Increasingly, retirees are eschewing traditional retirement homes and RVs in favor of tiny homes. A survey in 2015 indicated that seniors make up a significant segment of the tiny home community, with 30% of tiny home inhabitants aged between 51 and 70.
This trend has led to more businesses tailoring compact homes with amenities designed to cater to the needs of older adults.
Take Bette Presley, who at 72, traded a larger living space for the simplicity and mobility of a tiny home. Her 166-square-foot house not only allows her the comfort of home but also the ability to live off-grid with solar power, all on wheels for travel at her leisure.
For Shirley Louiselle, the choice was about reducing her living space. She found the perfect fit in a 240-square-foot home constructed by her grandson, sparking the idea for his company, Next Door Housing.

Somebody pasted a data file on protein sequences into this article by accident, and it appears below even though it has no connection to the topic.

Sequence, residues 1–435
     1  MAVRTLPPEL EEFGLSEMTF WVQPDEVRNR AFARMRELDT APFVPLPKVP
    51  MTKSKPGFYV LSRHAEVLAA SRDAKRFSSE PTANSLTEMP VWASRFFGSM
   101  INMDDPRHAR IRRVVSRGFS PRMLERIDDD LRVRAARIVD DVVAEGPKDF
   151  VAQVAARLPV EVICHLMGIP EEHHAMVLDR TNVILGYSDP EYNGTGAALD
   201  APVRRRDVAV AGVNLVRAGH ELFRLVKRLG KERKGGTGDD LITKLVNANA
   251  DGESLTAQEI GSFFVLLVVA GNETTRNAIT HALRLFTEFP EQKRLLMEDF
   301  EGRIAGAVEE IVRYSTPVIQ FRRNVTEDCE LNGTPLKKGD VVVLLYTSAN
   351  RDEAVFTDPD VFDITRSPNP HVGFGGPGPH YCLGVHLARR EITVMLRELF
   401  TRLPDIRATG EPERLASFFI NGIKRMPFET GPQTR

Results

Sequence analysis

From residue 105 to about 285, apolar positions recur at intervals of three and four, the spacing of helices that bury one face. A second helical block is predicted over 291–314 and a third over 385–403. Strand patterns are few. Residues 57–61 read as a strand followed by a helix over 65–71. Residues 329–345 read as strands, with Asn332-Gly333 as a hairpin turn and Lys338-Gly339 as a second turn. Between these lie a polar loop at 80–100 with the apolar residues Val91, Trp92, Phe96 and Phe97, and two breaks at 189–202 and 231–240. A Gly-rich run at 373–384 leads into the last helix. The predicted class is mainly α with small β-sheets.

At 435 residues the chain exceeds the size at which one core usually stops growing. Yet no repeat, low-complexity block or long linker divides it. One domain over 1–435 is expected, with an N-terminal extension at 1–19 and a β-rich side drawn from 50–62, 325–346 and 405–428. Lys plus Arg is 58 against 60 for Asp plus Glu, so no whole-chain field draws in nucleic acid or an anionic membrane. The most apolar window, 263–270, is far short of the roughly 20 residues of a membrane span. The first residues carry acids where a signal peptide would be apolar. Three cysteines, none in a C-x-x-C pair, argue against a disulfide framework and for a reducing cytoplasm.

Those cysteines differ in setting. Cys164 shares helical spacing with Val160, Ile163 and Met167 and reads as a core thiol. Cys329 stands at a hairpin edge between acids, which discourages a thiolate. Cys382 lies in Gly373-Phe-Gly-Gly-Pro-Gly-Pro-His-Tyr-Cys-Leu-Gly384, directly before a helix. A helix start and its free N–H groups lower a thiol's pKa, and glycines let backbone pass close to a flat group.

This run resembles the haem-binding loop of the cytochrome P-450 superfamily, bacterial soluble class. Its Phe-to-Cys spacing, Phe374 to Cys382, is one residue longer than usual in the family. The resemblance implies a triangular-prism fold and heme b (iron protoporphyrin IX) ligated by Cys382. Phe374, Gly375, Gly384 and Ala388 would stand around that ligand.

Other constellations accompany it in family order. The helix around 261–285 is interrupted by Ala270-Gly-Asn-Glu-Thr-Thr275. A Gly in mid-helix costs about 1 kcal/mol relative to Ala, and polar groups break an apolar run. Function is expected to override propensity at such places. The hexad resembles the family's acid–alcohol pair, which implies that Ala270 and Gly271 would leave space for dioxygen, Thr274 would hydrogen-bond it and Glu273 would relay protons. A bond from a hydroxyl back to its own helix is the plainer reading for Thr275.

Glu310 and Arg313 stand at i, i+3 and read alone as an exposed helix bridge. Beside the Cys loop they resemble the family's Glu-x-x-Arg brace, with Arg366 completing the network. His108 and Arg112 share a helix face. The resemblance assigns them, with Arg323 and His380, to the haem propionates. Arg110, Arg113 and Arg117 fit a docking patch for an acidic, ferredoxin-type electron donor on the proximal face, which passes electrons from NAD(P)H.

This business integrates senior-specific features such as lowered countertops and wheelchair-accessible facilities. Similarly, companies like MEDCottage offer tiny homes as an alternative to conventional assisted living, complete with high-tech features that include medication reminders. These “granny pods” can be adapted for RV use or stationed on a fixed property.
Yet for some enterprising seniors, tiny homes represent more than just a place to retire—they’re a business opportunity. The Sausage Nonnas, a trio of Italian grandmothers, use their compact abodes to travel and whip up delicious meals for an event known as Sausage Sundays.